E-Threats Industry News

Heartbleed still hurting hard. UK council fined £100,000 after data breach

A UK city council has been hit by a £100,000 fine after it suffered an embarrassing data breach as a result of not patching against the infamous Heartbleed vulnerability in a timely fashion.

As regular readers will recall, the Heartbleed bug in OpenSSL was discovered in 2014, giving malicious hackers, security researchers and snoopers a method to spy upon what should have been private communications, and scoop up confidential information such as email addresses and passwords.

IT security teams around the world raced to patch their systems as quickly as possible, and ensure that their networks were not vulnerable to a devastating flaw.

But, sadly, some systems were left unprotected for too long.

That certainly appears to have been the case with Gloucester City Council which has now been fined £100,000 by watchdogs at the Information Commissioner’s Office (ICO). Here is the timeline of what happened, according to the ICO’s report:

7 April 2014 Details of the Heartbleed vulnerability are made public, and computer administrators are advised to take steps to ensure systems are secured.

17 April 2014 IT staff at Gloucester City Council determine that their SonicWall appliance is running a vulnerable version of OpenSSL, and that a patch is available. However, the council is in the process of outsourcing IT services to a third party company – and the vulnerability is overlooked.

22 July 2014 Gloucester City Council informs workers that hackers have compromised Twitter accounts belonging to senior staff. The attacker responds by informing the council that he has gained access to 16 users’ mailboxes by exploiting the Heartbleed vulnerability in the vulnerable appliance, and has been able to download over 30,000 emails exposing the personal information of up to 40 former or current staff.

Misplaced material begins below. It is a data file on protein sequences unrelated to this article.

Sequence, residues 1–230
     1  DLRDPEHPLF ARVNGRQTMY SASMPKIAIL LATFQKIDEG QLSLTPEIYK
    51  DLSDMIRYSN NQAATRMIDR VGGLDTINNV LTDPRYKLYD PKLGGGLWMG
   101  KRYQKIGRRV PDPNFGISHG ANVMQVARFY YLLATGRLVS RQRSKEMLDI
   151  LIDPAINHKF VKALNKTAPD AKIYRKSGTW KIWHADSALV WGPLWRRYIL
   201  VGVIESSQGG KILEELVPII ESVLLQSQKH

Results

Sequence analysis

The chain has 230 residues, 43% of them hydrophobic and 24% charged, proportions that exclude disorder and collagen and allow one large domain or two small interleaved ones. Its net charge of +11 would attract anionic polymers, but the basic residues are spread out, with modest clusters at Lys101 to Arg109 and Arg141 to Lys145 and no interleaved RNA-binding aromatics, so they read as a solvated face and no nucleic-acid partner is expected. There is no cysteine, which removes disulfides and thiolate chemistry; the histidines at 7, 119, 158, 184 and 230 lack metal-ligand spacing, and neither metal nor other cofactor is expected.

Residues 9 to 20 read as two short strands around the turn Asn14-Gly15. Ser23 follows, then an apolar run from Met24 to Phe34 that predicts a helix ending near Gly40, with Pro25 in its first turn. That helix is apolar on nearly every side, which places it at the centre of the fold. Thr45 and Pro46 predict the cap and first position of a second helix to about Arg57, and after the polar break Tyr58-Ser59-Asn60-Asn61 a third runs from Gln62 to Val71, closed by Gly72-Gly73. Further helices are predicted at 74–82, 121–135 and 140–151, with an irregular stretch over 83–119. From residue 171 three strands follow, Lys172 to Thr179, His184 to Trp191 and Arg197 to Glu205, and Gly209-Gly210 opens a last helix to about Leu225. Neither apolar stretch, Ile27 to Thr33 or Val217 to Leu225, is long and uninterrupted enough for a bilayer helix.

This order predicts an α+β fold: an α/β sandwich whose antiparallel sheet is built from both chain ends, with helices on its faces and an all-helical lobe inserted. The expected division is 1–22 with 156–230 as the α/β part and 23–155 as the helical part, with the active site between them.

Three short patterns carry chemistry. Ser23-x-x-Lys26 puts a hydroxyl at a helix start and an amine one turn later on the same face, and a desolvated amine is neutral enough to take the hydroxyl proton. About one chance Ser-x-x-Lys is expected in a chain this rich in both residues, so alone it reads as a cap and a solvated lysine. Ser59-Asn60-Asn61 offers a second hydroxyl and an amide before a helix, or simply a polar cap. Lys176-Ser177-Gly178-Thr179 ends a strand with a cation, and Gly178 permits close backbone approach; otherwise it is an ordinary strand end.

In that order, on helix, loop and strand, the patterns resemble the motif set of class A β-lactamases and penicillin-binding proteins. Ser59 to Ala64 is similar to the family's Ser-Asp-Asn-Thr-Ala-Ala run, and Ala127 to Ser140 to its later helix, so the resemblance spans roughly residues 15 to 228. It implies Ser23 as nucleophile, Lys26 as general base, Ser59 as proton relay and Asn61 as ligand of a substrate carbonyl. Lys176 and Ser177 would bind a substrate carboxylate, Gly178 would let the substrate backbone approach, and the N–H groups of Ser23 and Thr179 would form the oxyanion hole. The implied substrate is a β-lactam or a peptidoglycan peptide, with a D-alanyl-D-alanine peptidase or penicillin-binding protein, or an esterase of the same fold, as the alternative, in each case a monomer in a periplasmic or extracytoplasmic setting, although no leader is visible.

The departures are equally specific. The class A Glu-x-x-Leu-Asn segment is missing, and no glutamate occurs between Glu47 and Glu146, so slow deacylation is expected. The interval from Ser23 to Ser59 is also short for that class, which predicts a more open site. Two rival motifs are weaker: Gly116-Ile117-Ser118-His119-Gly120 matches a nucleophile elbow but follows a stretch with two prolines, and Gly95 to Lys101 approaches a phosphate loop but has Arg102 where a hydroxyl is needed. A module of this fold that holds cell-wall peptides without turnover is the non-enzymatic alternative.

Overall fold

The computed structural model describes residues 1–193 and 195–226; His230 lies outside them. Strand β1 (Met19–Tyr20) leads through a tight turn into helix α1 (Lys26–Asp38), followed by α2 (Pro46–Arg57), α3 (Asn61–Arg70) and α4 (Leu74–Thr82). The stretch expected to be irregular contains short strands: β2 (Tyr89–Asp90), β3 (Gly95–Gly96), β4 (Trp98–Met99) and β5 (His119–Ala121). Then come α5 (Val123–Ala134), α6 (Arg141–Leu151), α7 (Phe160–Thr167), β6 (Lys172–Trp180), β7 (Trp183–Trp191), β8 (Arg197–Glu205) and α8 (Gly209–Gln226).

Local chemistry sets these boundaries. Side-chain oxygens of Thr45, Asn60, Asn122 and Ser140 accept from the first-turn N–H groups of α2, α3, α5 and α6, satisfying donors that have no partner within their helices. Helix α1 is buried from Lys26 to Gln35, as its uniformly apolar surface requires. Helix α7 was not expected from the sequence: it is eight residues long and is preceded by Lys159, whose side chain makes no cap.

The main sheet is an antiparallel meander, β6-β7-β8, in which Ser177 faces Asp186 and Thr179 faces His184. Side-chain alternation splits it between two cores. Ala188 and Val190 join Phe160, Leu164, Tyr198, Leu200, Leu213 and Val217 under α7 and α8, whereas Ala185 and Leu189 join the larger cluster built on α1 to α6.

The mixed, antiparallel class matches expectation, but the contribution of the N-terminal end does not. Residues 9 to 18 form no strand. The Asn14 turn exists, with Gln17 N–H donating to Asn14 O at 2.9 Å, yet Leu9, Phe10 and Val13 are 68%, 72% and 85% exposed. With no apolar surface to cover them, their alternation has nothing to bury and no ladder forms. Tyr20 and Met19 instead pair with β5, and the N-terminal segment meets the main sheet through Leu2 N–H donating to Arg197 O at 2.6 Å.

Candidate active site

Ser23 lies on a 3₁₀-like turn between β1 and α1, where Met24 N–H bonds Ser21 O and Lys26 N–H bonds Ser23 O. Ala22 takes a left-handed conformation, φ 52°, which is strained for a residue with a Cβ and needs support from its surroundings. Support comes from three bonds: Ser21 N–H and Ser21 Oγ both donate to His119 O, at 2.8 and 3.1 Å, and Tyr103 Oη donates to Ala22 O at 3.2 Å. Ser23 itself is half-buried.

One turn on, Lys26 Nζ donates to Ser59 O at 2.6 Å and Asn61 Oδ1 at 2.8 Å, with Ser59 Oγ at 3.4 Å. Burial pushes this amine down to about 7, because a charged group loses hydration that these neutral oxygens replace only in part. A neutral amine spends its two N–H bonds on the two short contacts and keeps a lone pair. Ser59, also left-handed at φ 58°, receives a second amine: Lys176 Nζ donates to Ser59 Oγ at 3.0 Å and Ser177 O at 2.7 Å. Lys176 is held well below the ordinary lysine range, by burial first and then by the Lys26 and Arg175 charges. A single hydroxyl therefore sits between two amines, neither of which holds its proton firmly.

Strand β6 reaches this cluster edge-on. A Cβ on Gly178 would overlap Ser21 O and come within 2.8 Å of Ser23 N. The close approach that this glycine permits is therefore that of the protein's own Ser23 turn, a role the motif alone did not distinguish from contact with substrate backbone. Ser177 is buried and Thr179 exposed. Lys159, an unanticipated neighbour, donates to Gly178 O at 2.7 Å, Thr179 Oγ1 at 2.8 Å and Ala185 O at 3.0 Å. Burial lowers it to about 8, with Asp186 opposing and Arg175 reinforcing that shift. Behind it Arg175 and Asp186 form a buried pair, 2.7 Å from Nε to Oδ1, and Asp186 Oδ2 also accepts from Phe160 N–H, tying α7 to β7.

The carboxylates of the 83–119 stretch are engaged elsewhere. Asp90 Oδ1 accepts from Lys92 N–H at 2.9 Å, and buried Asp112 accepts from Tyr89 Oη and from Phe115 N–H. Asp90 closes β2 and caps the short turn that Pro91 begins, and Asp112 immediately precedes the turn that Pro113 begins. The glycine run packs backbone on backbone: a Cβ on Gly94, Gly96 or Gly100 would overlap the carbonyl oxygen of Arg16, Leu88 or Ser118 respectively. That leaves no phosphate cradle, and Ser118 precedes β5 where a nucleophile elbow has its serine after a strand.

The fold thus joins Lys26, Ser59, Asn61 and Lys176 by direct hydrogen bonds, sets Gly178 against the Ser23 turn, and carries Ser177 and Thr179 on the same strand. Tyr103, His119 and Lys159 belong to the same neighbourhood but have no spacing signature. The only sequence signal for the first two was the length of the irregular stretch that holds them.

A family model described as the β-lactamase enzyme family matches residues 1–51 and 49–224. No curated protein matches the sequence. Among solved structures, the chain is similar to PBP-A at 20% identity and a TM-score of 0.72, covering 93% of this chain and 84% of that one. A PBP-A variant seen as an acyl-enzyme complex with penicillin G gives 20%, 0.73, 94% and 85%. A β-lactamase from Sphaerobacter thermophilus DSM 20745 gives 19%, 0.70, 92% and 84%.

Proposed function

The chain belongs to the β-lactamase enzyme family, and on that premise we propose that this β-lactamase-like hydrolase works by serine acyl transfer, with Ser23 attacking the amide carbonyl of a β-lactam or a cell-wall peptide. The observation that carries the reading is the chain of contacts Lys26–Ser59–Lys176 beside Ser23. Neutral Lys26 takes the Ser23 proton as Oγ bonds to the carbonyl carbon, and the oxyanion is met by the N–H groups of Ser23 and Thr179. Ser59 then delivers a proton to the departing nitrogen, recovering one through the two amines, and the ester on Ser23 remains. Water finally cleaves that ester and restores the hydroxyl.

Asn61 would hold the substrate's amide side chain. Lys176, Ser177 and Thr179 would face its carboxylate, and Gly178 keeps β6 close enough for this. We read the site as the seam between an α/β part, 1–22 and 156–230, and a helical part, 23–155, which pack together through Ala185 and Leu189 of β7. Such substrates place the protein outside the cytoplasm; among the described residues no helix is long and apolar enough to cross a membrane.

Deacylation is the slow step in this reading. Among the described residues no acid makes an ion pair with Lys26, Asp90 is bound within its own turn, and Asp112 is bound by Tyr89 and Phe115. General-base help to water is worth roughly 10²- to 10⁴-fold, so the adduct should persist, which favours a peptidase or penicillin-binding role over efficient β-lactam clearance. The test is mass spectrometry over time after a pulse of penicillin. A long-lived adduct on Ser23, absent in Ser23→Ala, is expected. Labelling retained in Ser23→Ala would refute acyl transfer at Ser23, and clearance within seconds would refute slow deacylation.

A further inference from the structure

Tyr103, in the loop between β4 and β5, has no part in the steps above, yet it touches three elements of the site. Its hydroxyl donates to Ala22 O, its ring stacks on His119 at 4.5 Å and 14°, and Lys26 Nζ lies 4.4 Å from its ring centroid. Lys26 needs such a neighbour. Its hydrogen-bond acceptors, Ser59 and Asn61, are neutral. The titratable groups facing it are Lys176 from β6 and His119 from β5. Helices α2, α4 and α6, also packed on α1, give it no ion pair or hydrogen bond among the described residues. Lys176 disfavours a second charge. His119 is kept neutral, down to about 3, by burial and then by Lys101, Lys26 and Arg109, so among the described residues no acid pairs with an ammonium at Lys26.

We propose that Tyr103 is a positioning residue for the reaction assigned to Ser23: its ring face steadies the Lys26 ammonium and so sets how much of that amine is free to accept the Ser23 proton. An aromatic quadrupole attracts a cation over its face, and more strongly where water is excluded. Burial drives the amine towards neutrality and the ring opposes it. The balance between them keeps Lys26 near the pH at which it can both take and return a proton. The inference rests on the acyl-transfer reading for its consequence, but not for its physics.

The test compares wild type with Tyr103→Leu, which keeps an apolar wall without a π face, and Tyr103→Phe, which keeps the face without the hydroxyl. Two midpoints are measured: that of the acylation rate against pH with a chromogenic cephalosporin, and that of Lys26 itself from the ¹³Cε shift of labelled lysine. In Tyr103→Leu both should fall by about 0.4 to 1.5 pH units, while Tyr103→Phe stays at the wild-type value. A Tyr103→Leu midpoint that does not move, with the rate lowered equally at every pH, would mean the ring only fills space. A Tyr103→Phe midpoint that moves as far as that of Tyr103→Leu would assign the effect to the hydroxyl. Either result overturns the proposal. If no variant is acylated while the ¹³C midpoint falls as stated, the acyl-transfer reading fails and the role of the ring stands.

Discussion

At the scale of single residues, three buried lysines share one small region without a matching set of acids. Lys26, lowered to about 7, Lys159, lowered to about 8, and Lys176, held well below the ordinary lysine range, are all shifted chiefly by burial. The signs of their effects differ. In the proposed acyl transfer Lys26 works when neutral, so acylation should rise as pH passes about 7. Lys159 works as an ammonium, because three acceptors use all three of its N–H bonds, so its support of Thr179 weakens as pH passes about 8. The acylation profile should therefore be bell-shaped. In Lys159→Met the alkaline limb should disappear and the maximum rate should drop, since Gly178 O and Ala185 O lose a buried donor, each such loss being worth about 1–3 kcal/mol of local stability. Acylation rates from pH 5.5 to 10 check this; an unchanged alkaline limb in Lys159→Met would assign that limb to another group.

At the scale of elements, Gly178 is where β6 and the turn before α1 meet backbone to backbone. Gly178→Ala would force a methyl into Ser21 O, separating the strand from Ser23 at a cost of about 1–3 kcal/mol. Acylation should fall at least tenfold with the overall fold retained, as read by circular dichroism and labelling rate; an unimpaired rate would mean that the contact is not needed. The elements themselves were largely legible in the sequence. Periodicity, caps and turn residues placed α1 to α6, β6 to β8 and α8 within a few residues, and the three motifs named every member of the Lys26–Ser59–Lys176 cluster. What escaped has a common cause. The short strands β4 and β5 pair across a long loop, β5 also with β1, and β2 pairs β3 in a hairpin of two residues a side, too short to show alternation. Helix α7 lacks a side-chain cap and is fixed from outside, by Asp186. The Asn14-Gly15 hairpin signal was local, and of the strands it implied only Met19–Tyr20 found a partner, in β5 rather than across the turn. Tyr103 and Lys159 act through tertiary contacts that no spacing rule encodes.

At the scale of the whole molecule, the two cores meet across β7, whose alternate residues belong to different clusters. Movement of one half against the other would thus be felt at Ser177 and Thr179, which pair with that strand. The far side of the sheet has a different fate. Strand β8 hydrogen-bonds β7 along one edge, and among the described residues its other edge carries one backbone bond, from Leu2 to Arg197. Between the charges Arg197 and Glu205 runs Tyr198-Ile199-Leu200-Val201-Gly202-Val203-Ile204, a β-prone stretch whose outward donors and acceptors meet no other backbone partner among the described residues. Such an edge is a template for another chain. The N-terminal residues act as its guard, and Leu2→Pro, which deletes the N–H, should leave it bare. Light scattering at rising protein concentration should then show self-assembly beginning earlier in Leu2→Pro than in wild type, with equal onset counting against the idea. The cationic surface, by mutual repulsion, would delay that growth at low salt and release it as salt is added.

In its damning judgement, the ICO found that Gloucester City Council failed to take appropriate steps to prevent, as much as possible, hackers from accessing the personal data:

“Furthermore, it found that the council did not have a proper policy in place to ensure that patches were being put in place while IT services were in the process of being outsourced.”

“The personal data that was obtained was clearly of interest to the attacker given the targeted nature of the attack. The mailboxes therefore required adequate security measures to protect the personal data contained in the emails.”

“This is all the more so when financial and sensitive personal information is concerned – in particular, as regards former or current staff who requested that it would be held securely. This hightens the need for robust technical and organisational measures to safeguard against unauthorised or unlawful access. For no good reason, Gloucester appears to have overlooked the need to ensure that it had robust measures in place to ensure that the patch was applied, despite contracting with a third party company that could have applied the patch before the attack.”

No-one is denying that Gloucester City Council was the victim of a criminal attack, and that it could have been much worse.

But it is clear that there was a massive failure and serious oversight, which allowed former and current staff’s private and financial details to fall into the hands of hackers, opening opportunities for fraud and identity theft.

If you carelessly leave yourself vulnerable to attack, that may not be the only damage done to your organisation. You may also have to one day face a financial penalty.

give malicious hackers, security researchers and snoopers the opportunity to spy upon what should have been private communications, and hoover up confidential information such as email addresses and passwords.

About the author

Graham CLULEY

Graham Cluley is an award-winning security blogger, researcher and public speaker. He has been working in the computer security industry since the early 1990s, having been employed by companies such as Sophos, McAfee and Dr Solomon's. He has given talks about computer security for some of the world's largest companies, worked with law enforcement agencies on investigations into hacking groups, and regularly appears on TV and radio explaining computer security threats.

Graham Cluley was inducted into the InfoSecurity Europe Hall of Fame in 2011, and was given an honorary mention in the "10 Greatest Britons in IT History" for his contribution as a leading authority in internet security.

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